June 3, 2019
How to build a strong HR policy without impacting culture
In the life of any business, there comes a time when a new HR policy needs to be introduced. This formal idea can scare a lot of business owners and managers. Those who worry that making a change could lead to a loss of morale or even resignations. If you’re concerned about a new HR policy, we’ve put together a guide on implementing change without impacting workplace culture.
Explain why the HR policy is necessary
Generally, most people like nothing less than change for change’s sake. And that’s compounded a million times over when change impacts them for the worse (or at least perceived as worse). At the same time, people tend to respond quite well when they’re given context. So if you do intend to introduce a new HR policy, explain precisely why the introduction and the effects. When you do, it’s important that you’re delicate but also rational – point out the benefits of the new approach and deal in facts, not emotion. And, if you’re introducing the policy because of the actions of one person, or a few people, be sure not to point fingers.
Address the real source of the problem
That said, if you’re introducing organisational change on the back of the behaviour of one or two people, ask yourself is: it really necessary at all? If it’s not, you’re likely to save yourself a whole lot of trouble. For instance, if one person is abusing your annual leave policy, would you be better off taking the issue up with them in a one-on-one chat rather than developing and enforcing a new policy across your whole organisation? If you do choose the second path, you’re likely to be seen as “punishing all for the sins of the few” and this won’t go down well – for you, or for the offenders. So be proportionate and make sure any change is coming from the right place.
Again, employees never like it when bosses fail to take ownership of something they do. And, when it comes to a new HR policy, that can come in many forms. It could be leaving it to more junior staff members to announce and police the change. (Always do it yourself.) Or, it could be taking the approach of applying the policy to others but not to yourself. (For instance, if you restrict people’s ability to work from home, you really need to come into the office each day too.) Finally, it could be avoiding difficult situations or confrontation and just emailing a decision you’ve made out to everyone as a fait accompli. (Fortune almost always favours the brave.) Whatever you need to do, make sure the buck stops with you.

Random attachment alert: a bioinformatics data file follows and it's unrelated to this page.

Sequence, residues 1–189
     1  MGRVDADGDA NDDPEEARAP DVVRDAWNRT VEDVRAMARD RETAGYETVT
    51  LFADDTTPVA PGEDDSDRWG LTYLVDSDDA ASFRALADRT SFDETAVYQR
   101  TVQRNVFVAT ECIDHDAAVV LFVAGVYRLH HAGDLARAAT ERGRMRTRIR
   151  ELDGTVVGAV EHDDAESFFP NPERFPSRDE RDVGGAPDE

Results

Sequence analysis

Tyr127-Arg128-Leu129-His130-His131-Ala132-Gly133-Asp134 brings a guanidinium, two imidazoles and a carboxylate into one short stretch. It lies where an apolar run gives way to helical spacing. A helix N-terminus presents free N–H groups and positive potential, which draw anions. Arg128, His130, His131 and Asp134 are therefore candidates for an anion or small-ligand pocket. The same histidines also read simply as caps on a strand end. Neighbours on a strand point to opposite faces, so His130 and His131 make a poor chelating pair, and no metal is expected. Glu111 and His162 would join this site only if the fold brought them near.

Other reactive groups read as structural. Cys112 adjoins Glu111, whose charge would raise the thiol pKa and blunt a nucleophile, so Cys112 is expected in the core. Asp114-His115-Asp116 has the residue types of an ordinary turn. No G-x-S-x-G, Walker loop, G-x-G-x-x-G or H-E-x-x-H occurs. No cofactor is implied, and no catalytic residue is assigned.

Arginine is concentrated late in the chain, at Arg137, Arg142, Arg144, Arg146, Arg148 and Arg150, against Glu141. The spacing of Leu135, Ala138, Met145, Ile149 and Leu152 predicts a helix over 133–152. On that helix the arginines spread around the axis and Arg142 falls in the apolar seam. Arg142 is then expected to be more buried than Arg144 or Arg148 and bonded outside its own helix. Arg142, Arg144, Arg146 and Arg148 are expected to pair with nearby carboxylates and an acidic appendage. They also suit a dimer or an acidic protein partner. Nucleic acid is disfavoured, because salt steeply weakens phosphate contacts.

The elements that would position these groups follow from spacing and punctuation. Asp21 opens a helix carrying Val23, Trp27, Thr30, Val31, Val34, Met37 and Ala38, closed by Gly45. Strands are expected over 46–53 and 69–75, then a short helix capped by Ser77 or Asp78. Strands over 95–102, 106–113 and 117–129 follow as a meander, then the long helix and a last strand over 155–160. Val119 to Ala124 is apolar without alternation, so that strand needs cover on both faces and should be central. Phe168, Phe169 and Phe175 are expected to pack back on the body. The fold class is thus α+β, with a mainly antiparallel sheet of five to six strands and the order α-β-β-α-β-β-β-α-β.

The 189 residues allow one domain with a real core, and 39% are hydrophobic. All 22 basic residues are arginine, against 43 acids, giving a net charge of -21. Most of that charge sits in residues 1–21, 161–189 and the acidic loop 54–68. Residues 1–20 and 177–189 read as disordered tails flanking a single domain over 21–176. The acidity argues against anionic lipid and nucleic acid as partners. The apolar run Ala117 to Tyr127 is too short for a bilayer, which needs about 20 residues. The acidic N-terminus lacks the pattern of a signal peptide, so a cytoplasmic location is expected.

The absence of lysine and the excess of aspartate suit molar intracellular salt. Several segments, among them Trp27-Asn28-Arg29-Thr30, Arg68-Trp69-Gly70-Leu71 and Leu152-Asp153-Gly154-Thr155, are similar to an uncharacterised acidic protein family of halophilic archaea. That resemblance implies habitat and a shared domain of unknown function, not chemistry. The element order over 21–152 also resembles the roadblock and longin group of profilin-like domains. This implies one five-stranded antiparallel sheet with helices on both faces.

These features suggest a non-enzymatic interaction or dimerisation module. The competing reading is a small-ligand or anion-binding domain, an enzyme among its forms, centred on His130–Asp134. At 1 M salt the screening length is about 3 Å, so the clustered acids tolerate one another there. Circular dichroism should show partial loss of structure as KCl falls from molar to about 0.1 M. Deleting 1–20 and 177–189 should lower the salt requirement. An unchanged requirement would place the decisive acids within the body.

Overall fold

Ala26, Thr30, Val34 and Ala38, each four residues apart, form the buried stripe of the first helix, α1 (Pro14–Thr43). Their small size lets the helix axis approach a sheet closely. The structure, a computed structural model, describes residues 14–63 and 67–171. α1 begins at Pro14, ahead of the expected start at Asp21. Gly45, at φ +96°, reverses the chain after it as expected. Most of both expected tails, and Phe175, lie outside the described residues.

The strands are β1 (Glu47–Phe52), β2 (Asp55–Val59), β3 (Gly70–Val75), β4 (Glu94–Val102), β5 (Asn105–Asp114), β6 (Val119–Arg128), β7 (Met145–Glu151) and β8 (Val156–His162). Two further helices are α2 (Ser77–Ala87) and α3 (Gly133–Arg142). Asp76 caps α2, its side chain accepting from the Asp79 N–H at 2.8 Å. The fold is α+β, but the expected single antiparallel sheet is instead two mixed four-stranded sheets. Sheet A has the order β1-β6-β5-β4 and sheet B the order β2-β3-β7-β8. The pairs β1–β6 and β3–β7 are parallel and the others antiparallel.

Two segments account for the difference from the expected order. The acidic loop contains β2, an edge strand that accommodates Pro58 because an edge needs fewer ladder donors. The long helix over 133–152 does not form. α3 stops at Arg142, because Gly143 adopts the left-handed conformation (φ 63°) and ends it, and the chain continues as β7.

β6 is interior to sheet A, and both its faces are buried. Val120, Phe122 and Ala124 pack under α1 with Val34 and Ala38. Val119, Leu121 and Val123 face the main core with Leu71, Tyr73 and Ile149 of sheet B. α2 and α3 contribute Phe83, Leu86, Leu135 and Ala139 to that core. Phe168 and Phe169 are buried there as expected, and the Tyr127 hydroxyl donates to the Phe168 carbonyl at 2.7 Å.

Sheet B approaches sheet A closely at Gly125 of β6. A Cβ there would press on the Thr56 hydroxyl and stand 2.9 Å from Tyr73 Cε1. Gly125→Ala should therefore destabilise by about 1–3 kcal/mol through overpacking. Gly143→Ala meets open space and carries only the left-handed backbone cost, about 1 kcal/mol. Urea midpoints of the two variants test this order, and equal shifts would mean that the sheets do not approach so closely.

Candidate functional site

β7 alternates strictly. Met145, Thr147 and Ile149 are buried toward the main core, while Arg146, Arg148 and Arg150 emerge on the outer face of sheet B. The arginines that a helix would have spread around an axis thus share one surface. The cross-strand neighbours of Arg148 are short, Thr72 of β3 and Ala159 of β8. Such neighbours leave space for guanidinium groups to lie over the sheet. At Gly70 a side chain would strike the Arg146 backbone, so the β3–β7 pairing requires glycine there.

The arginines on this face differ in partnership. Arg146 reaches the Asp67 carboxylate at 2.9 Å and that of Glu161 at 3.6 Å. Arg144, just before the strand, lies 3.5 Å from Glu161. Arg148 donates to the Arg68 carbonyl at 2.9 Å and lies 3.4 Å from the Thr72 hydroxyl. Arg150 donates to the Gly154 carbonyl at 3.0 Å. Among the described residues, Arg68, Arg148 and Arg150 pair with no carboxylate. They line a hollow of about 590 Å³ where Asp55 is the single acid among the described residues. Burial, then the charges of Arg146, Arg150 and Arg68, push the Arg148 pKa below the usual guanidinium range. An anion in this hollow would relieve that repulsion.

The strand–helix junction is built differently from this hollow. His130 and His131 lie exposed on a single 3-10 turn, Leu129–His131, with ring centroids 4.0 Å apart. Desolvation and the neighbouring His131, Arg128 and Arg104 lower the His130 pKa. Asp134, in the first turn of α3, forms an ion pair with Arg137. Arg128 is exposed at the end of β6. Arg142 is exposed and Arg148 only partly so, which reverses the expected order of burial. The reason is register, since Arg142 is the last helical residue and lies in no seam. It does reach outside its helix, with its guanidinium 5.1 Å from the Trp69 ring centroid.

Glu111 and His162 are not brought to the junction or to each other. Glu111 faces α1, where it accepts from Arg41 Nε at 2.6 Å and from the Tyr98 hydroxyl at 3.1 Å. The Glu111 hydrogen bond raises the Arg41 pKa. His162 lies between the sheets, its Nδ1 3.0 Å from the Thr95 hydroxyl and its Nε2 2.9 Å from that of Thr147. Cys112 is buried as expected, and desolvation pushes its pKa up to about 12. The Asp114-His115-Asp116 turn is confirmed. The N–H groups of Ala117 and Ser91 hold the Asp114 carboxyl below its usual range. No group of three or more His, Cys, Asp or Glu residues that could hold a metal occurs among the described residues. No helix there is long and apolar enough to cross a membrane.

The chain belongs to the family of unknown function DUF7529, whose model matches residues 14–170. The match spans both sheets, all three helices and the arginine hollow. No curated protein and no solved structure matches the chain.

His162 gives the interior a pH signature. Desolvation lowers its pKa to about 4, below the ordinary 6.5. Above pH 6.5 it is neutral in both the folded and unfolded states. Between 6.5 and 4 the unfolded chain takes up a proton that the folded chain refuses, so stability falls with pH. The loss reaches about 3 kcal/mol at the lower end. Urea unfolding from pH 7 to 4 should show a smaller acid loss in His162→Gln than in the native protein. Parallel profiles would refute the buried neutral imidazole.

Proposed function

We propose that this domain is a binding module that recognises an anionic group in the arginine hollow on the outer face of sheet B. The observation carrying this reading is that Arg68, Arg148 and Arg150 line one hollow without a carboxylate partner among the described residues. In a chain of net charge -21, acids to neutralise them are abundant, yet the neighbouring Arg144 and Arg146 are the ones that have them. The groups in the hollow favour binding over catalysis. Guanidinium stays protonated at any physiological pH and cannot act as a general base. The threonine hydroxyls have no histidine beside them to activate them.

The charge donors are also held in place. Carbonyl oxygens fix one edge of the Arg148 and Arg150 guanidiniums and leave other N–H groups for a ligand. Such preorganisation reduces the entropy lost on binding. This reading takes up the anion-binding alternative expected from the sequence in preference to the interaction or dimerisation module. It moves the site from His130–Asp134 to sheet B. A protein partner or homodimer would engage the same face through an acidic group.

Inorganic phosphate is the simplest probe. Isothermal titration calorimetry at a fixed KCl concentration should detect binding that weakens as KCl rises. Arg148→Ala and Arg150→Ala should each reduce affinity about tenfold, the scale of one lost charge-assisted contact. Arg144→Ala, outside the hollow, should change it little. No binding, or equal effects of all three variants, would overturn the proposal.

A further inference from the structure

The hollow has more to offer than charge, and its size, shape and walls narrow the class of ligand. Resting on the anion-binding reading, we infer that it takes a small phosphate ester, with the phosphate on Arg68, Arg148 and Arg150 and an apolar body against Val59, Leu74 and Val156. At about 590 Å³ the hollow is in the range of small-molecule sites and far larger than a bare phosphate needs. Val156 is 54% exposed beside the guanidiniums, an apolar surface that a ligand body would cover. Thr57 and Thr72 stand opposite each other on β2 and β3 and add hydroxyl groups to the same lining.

Communicate, communicate and communicate again
I firmly believe the key to most things in life is communication – and just as importantly, keeping the lines of communication open. One of the worst things you can ever do when introducing a new HR policy is to attempt to shut down discussion or fail to engage. Make sure people know your door is open if they want to talk it through. If they come to you with reasons why your new policy shouldn’t apply to them, be compassionate but stay firm. After all, inconsistency is always the enemy of sound HR practices. Only by applying a policy in a fair but uniform way will it ever become part of the fabric of your business.
Finally, be prepared for some blowback when the policy comes in. No doubt you’ll face pressure from employees to change your mind and maintain the status quo. However, if you want to maintain the respect of your workforce and keep the culture strong, it’s always vital you stay firm. Rehearse what the objections are likely to be, and what your response to these will be also. Make sure your managers and team leaders are aware of how to answer any questions too. By keeping the message consistent and being prepared to explain your reasoning, you’ll go some way to preventing the worst kind of fallout from happening.
Implementing a new policy without ruining your culture may be difficult, but by following these four principles you’ll be on your way to making it happen. If you’d like some help implementing a new HR policy in your workplace, then please, get in touch.